Virginia Tech National Security Institute, Institute for Defense Analyses partner on workforce, research opportunities
Virginia Tech’s National Security Institute signed a memorandum of understanding with the Institute for Defense Analyses (IDA) to create new opportunities for workforce development and the advancement of national security initiatives.
Virginia Tech is the first academic institution selected by IDA for collaboration.
IDA is a private, nonprofit corporation headquartered in Alexandria, Virginia that supports government sponsors on critical national security and science policy issues. Its current sponsors include the Departments of Defense, Commerce, Energy, Homeland Security, and Veterans Affairs and the National Security Agency. IDA also supports the White House Office of Science and Technology Policy.
“This collaboration agreement between two excellent institutions presents an exciting opportunity to build the next generation of national security leaders through education, experiential learning, and common understanding of the challenges we face as a country,” said Laura Freeman, deputy director of the Virginia Tech National Security Institute.
Through the memorandum, Virginia Tech researchers will engage with IDA staff to shape impactful research programs — leveraging their deep knowledge of the critical challenges. The institutes will utilize their combined facilities to advance areas of research including data science, machine learning, artificial intelligence, and digital transformation.
The institutes will collectively seek to educate and mentor students to fuel the intelligence and defense workforce pipeline. IDA employees may engage Virginia Tech students through applied research, capstone projects, and mentoring innovation campus projects — building deep connections and career paths for Virginia Tech students.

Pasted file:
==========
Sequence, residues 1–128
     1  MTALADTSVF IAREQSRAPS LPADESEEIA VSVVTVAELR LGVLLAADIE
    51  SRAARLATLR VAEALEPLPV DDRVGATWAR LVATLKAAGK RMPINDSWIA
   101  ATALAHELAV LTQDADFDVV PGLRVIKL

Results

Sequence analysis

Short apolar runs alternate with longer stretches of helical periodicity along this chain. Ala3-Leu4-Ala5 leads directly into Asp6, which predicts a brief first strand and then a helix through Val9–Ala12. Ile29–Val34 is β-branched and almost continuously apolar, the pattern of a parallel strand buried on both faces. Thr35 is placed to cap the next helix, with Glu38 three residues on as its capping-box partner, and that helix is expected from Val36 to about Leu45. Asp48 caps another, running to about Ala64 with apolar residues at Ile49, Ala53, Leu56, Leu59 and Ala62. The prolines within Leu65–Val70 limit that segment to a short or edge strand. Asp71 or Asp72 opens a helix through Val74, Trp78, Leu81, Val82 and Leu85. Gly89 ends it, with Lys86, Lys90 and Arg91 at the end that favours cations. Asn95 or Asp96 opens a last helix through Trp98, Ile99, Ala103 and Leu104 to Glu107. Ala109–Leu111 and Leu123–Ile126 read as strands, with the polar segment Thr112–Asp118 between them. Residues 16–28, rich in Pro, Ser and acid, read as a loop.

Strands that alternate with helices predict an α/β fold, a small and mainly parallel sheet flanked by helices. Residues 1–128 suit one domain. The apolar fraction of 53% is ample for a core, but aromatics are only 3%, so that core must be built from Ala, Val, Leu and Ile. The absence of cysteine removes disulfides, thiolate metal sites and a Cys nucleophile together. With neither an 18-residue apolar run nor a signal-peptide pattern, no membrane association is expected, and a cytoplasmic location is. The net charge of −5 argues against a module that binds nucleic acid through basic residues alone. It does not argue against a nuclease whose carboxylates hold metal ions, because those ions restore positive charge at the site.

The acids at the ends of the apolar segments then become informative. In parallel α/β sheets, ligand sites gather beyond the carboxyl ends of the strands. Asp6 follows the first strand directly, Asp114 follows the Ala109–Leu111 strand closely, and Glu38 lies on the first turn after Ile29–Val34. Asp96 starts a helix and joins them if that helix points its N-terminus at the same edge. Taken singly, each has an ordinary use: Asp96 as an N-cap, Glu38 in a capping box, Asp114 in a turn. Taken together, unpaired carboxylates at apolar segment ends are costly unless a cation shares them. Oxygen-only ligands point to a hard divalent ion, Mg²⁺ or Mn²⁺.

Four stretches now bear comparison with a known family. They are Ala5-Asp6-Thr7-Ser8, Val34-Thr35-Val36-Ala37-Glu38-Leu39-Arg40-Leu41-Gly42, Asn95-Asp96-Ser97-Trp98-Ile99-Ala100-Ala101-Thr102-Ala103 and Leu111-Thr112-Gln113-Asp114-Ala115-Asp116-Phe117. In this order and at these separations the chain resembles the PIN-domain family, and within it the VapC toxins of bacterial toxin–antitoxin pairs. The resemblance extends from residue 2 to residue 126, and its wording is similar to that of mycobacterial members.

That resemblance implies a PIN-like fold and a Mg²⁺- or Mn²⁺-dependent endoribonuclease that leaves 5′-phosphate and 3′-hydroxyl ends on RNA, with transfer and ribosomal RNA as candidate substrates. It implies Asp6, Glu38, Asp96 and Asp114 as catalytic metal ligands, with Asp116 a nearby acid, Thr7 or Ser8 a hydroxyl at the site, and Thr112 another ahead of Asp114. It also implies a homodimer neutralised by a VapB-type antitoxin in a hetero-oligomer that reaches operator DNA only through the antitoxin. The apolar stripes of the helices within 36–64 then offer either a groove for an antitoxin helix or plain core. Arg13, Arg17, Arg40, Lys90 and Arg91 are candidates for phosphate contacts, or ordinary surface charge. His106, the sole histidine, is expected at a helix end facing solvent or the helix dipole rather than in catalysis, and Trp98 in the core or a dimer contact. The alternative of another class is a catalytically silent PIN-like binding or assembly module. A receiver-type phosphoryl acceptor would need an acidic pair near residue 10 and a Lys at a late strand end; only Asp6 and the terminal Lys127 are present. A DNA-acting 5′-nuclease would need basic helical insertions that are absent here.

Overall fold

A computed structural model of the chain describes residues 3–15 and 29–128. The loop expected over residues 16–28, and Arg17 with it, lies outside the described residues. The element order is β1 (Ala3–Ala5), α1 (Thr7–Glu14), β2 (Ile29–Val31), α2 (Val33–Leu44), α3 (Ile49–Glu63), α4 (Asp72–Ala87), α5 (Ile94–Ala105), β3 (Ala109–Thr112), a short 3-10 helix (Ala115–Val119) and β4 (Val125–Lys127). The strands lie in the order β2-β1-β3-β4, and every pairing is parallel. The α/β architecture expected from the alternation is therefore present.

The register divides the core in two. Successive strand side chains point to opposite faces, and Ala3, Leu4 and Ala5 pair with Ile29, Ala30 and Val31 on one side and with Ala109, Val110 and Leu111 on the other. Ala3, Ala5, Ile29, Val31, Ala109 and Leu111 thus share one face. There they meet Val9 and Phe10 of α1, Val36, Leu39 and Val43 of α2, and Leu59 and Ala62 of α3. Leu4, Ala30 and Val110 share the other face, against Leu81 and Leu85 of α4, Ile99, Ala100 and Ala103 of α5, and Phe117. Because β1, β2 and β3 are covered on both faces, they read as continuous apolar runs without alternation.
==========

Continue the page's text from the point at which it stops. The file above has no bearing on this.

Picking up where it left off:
“In addition to the shared goal of advancing national security, the two institutions also have a shared value of service,” Freeman said.
As a senior military college, a federal designation given to the university because of its Corps of Cadets, Virginia Tech has a long-standing tradition of supporting the Department of Defense, reinforced by its motto, Ut Prosim (That I May Serve). Similarly, as a manager of federally funded research and development centers, the IDA is a trusted advisor of the Department of Defense and other federal agencies, whose research and analyses have provided valuable insight to the government for decades.
The university announced the formation of the Virginia Tech National Security Institute in 2021, aspiring to become the nation's preeminent academic organization at the nexus of interdisciplinary research, technology, policy, and talent development to advance national security. The institute houses the Ted and Karyn Hume Center for National Security and Technology, which serves as the hub for national security-focused experiential student learning and workforce development at the university.